Europe Spreads Its Wings
On May 23, 1906, the U.S. Patent Office finally granted the Wright brothers Patent Number 821,393 for a Flying Machine. That accomplishment would prove to be enormously significant in the development of future aircraft and the aviation industry.
The Wright Patent was granted on May 23, 1906.
But otherwise, the year was not productive for the Wright brothers. The British military had expressed an interest in the Flyer III the year before. But the talks broke down in February because the Wrights refused to let Britain see an actual demonstration of the plane in flight. The French War Ministry, too, had begun to negotiate a contract with the Wrights. However, the $200,000 price tag for the Flyer III discouraged them, and the negotiations collapsed in the spring. By the end of the year, no buyers had been found.
Their supporter Octave Chanute warned the Wrights that the aviation world was catching up; in France particularly, aviation was moving forward rapidly. The Wrights slowly began to realize this and started talking with others interested in aviation who came to Dayton to see them. Among the visitors to Huffman Prairie in 1906, was a young man from Hammondsport, New YorkGlenn H. Curtiss. The Wrights learned that Curtiss was the engine-builder in Alexander Graham Bell's Aerial Experiment Association, but Curtiss did not yet have a keen interest in aviation. The meeting of these three in 1906 was the first contact between Curtiss and the Wrights. Many more would follow.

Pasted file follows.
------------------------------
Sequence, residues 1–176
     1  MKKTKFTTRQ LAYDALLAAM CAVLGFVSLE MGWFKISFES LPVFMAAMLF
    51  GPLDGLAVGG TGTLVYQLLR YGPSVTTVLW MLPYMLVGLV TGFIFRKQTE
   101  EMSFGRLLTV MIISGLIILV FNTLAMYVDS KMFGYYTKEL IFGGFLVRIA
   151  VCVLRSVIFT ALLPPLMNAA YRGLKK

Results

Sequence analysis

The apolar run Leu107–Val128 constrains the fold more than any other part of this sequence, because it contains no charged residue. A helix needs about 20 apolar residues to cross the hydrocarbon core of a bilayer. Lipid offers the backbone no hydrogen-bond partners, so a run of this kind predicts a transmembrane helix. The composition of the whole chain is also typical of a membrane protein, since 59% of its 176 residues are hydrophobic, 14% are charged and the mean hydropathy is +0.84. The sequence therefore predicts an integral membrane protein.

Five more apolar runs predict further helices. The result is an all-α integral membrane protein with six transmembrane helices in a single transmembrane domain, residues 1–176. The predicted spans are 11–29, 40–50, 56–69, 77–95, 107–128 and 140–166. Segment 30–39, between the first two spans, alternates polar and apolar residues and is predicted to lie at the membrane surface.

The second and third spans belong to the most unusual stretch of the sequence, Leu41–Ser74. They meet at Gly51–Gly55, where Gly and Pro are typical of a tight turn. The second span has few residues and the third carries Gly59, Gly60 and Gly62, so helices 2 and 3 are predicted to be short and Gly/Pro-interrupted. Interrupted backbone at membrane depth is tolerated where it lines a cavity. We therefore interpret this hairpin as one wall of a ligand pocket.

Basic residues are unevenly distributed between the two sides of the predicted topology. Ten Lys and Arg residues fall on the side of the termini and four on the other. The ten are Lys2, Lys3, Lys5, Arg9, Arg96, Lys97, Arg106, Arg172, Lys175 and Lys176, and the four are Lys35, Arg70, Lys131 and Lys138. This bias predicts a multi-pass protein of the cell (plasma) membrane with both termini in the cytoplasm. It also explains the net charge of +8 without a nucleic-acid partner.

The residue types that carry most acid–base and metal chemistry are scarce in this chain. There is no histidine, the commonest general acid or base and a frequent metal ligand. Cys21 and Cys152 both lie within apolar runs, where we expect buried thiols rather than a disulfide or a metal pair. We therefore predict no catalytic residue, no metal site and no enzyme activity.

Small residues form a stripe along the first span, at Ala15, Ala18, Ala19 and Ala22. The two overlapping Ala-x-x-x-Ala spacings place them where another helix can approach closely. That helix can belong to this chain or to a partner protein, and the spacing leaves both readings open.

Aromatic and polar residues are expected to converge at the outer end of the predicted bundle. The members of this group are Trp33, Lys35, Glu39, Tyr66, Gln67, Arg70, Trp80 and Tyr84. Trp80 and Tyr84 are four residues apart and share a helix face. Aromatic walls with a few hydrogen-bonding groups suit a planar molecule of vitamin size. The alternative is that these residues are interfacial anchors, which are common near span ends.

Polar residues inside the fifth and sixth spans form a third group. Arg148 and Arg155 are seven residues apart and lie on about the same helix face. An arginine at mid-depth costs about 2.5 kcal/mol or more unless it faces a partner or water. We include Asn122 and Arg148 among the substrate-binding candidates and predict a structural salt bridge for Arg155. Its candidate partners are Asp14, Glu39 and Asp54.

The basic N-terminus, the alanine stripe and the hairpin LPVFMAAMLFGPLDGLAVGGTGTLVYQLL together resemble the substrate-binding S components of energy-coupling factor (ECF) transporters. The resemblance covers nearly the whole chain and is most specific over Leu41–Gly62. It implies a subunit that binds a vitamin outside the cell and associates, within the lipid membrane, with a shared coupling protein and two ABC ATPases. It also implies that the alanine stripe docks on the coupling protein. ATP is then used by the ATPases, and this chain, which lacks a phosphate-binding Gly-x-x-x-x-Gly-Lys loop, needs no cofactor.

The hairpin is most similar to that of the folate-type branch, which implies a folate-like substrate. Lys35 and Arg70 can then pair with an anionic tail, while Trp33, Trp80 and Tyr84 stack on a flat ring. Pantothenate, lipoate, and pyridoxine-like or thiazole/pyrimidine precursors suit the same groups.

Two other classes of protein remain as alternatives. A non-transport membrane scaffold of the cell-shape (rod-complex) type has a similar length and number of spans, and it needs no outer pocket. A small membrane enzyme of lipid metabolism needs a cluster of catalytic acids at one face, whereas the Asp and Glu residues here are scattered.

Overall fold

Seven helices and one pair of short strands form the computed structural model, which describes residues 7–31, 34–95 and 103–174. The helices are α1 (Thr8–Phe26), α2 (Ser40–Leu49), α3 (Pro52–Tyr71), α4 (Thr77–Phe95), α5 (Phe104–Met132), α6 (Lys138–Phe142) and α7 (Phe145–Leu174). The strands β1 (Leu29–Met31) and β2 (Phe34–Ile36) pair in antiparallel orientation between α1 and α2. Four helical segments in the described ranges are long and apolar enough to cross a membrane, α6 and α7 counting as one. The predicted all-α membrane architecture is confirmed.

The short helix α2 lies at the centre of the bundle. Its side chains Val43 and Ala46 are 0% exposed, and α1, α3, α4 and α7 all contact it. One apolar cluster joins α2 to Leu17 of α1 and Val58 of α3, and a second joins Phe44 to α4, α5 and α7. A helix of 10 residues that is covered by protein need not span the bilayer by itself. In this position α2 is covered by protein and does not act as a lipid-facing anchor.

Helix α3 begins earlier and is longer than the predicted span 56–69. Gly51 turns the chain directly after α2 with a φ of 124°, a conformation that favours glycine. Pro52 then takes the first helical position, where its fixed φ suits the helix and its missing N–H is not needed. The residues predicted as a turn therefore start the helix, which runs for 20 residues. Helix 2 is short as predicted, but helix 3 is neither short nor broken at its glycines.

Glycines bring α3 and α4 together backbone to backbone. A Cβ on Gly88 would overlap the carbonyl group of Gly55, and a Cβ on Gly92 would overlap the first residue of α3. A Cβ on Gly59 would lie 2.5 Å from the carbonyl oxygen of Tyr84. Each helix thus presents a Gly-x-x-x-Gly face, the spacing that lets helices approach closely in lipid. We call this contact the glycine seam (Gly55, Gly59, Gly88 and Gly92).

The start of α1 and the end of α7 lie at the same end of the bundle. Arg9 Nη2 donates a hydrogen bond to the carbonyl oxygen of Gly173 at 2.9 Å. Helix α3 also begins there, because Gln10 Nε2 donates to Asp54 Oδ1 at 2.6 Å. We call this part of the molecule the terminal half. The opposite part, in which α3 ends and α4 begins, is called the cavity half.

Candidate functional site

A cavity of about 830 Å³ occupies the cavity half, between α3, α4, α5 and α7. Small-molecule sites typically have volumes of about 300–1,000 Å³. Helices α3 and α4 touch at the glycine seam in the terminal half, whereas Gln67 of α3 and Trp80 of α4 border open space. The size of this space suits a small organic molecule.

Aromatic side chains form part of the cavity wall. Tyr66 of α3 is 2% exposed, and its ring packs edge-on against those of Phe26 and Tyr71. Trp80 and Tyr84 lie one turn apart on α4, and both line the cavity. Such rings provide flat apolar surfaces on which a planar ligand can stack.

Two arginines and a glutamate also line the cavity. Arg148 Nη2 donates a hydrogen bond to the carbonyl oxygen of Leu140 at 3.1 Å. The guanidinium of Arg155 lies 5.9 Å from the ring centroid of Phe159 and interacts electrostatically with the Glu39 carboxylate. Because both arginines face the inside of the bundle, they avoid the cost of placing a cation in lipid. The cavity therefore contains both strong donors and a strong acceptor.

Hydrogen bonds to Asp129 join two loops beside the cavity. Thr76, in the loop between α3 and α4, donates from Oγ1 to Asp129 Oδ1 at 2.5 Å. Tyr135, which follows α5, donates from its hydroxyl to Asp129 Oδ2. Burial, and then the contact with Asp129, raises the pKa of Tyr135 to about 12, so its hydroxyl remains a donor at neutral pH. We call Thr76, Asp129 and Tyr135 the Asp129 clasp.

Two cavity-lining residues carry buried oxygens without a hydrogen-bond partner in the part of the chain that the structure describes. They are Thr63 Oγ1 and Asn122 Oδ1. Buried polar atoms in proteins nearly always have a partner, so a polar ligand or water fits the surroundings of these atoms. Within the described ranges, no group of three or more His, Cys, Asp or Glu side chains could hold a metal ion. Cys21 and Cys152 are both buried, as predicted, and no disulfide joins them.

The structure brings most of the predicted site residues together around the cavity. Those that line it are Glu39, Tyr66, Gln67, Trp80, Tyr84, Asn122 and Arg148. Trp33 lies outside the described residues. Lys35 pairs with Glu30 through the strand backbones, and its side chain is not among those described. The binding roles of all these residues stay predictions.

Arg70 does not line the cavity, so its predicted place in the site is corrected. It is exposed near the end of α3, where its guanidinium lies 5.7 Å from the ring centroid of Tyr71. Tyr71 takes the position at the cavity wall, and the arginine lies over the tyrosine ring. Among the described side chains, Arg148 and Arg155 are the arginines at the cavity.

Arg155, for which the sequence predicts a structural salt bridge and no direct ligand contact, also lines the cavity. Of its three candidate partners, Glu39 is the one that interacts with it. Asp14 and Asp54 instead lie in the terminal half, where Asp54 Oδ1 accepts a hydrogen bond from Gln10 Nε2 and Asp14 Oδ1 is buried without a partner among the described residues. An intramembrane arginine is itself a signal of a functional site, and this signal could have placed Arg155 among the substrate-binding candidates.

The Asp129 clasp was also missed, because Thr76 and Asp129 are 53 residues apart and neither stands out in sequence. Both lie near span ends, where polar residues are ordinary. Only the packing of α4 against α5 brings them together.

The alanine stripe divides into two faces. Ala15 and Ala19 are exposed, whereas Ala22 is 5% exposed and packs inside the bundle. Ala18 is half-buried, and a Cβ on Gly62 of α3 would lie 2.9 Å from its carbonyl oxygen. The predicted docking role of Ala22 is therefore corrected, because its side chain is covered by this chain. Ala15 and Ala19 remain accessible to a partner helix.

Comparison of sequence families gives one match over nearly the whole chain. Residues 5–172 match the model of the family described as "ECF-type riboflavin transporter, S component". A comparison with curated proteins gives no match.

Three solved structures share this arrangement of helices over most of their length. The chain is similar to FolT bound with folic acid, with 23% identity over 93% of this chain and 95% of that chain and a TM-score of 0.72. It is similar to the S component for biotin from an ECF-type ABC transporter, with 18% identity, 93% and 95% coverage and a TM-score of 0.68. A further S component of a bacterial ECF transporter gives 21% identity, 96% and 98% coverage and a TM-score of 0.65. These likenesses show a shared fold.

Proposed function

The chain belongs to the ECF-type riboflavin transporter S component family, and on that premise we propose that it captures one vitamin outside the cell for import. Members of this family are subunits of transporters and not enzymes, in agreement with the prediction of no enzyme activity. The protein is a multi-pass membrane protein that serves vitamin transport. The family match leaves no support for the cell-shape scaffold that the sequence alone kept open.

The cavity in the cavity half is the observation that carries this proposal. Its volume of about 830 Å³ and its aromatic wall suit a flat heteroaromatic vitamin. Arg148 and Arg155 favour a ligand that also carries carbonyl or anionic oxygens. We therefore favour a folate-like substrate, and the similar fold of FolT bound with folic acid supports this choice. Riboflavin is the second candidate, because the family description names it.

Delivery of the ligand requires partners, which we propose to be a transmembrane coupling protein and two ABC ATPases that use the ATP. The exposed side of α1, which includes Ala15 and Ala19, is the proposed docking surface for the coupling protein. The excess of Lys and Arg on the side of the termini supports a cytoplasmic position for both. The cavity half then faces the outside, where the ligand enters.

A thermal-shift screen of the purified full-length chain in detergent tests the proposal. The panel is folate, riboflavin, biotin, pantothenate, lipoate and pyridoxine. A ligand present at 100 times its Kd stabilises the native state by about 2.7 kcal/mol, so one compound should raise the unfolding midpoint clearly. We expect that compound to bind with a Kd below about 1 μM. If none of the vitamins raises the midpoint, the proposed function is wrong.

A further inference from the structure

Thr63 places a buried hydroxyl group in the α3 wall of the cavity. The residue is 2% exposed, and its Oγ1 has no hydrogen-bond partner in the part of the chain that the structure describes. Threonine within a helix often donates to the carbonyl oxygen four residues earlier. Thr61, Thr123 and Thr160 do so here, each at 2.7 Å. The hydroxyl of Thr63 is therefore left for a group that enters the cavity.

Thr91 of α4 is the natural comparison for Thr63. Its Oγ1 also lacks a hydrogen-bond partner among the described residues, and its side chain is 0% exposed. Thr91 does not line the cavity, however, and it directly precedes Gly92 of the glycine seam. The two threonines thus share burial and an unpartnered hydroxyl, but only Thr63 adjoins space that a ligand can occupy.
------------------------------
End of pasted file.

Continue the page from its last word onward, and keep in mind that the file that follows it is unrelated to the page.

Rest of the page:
The Wrights slowly began to gain some recognition from the American aviation and science community. The newly formed Aero Club of America recognized the Wrights’ achievements, and the text of its resolution was reprinted in many newspapers. Scientific American, which had published several skeptical editorials, reversed itself and declared that the Wrights “…deserve the highest credit for having perfected the first flying machine.”
In Europe in 1906, however, the situation was different. There, the anti-Wright skeptics in the European aviation community had converted the press to their point of view. European newspapers, especially in France, were openly derisive, calling them bluffeurs (bluffers). The Paris edition of the New York Herald summed up Europe's opinion of the Wright brothers in an editorial on February 10, 1906: "The Wright have flown or they have not flown. They possess a machine or they do not possess one. They are in fact either fliers or liars. It is difficult to fly. It's easy to say, 'We have flown.'"
To spur aviation in Europe—especially in France—wealthy enthusiasts offered rich prizes. Ernest Archdeacon put up the Coupe d'Aviation Ernest Archdeacon, a silver trophy for the first person to fly a powered airplane 25 meters (80 feet). The Aéro-Club de France offered 1500 francs to the first person to fly 100 meters, or 330 feet. Archdeacon, along with Henri Deutsch de la Meurthe, established the Grand Prix d'Aviation, a 50,000 franc-prize to the first person to fly a one-kilometer (0.6 mile) circle.
Jacob Christian Ellehammer made a powered flight attached to a tethered pole in September 1906.